In ancient times, the sun was revered as a god and people usually pray to the sun (or rather the god it symbolizes) for different reasons, whether for a bountiful harvest or for protection from their enemies. People tend to rely on the sun for different purposes as well such as for food preservation, for light and heat, as well as for determining the time of the day.
In fact, even today, we still rely on the sun for the energy it gives to the earth. Imagine if the sun stopped functioning. The earth would inevitably freeze, plunging us all back into the ice age instantly, since the sun is our main source of heat. The gravitational force that holds the Solar System together will disappear as well, meaning the Earth and other planets will be sent off flying to different directions. Life on Earth is gone as we know it. It sounds pretty bad, if you ask me.
The sun is important as an energy source. We’ve already established that fact. In fact, one benefit of using solar energy as our main source of energy is that we never have to worry about it being depleted. It’s not like we’re going to run out of sunshine anytime soon.
With that being said, solar energy is actually one of the energies we collectively call as Renewable Energy. Renewable energy, or green energy, is an energy that is, just like what its name suggests, seemingly infinite. It simply doesn’t run out because it replenishes itself naturally, without human intervention. There are actually different types of renewable energy, such us tidal energy, wind energy, geothermal energy, biomass, water energy, and of course, solar energy.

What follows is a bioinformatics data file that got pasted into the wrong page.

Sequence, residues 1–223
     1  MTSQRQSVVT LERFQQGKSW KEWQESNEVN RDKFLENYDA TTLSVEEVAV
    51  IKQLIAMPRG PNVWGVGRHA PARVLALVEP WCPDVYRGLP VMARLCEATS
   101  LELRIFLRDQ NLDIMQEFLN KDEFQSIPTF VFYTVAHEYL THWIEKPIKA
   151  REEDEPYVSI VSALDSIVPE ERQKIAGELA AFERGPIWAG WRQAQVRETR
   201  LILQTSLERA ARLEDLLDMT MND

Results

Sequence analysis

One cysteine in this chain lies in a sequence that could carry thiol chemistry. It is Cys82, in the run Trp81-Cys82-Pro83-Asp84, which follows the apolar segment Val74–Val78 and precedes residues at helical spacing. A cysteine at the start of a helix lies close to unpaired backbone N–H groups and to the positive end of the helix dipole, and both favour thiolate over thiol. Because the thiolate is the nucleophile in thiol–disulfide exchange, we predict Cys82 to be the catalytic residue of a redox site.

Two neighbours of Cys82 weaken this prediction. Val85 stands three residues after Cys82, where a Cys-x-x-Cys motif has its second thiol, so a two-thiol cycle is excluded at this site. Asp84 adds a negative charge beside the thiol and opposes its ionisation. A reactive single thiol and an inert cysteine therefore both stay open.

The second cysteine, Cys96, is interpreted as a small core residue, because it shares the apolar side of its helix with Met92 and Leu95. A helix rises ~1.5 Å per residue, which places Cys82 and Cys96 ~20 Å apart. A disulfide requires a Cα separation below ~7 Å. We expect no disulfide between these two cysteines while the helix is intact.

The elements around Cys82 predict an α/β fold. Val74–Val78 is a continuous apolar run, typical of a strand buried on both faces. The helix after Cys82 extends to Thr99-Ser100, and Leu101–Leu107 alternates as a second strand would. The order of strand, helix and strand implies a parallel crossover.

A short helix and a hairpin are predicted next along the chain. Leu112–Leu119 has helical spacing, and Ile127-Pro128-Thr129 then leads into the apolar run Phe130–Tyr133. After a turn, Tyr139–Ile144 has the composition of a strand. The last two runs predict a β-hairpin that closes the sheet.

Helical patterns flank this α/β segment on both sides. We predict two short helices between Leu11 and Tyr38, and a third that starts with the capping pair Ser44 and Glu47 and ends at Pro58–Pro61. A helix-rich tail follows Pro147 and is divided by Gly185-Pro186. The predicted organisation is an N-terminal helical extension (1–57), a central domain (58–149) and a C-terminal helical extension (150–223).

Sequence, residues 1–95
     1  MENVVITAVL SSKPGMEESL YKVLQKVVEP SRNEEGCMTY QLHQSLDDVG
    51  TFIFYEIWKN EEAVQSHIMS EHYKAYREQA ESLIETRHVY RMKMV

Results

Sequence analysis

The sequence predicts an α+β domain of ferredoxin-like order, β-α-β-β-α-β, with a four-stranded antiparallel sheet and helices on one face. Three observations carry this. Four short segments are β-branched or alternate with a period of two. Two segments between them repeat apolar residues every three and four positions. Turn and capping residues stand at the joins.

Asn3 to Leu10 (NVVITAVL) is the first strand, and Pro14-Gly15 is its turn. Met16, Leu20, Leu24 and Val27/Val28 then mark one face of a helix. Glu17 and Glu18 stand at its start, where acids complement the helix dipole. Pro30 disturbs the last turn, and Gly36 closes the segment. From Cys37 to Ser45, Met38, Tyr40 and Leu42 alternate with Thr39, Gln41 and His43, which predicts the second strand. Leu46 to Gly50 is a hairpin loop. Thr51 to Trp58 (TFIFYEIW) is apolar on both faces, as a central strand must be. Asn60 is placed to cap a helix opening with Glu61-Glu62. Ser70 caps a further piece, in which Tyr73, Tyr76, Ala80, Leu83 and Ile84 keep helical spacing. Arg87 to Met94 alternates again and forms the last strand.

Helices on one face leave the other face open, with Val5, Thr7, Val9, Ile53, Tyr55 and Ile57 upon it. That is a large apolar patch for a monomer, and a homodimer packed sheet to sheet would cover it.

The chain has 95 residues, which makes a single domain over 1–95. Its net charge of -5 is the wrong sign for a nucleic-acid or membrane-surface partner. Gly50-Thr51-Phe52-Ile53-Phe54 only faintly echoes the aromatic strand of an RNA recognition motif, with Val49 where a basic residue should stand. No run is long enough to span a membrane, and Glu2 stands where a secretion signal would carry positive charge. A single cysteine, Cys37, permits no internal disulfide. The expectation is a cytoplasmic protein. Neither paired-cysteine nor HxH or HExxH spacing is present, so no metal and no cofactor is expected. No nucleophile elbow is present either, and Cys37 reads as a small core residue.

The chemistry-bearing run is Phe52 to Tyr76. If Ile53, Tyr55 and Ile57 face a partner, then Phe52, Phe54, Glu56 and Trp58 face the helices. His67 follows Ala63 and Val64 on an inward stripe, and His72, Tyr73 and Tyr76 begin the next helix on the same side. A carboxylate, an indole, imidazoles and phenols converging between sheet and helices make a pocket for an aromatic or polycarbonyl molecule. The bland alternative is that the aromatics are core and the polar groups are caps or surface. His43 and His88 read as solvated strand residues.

Now, if you think about it, all these other renewable energies actually derive their own energies from the sun. For instance, there’s biomass. Since it is a resource from plants and other living organisms, it obviously obtains its energy primarily from the sun. There’s also water energy. How does water get to high places to flow down to water turbines to generate electricity? The sun, of course, by the process of evaporation. The wind itself is created because somewhere along the process of wind creation, the sun is included. In fact, I think that the only resource that does not primarily get its energy from the sun would be the tidal energy, which is aided by the moon itself.
Going back to solar energy, I think we have basically explained why solar energy is so important. Unfortunately, it seems that using the sun primarily as an energy source tends to fly over the heads of people nowadays. Most likely, if you ask any random person if they use anything that is powered by the sun, they’d probably answer “solar-powered calculator.” Some people would probably even have no idea how solar power works. The truth is you can even power high top grade treadmills (like those here: http://www.fitnessverve.com/best-treadmill-guide/1000-or-less/).
One thing is for certain. With the increasing population today and the drastic decline of some energy sources, it is inevitable that we would turn to the renewable energy or the sun for our energy soon enough. The question is: will technology be ready to harness this energy?
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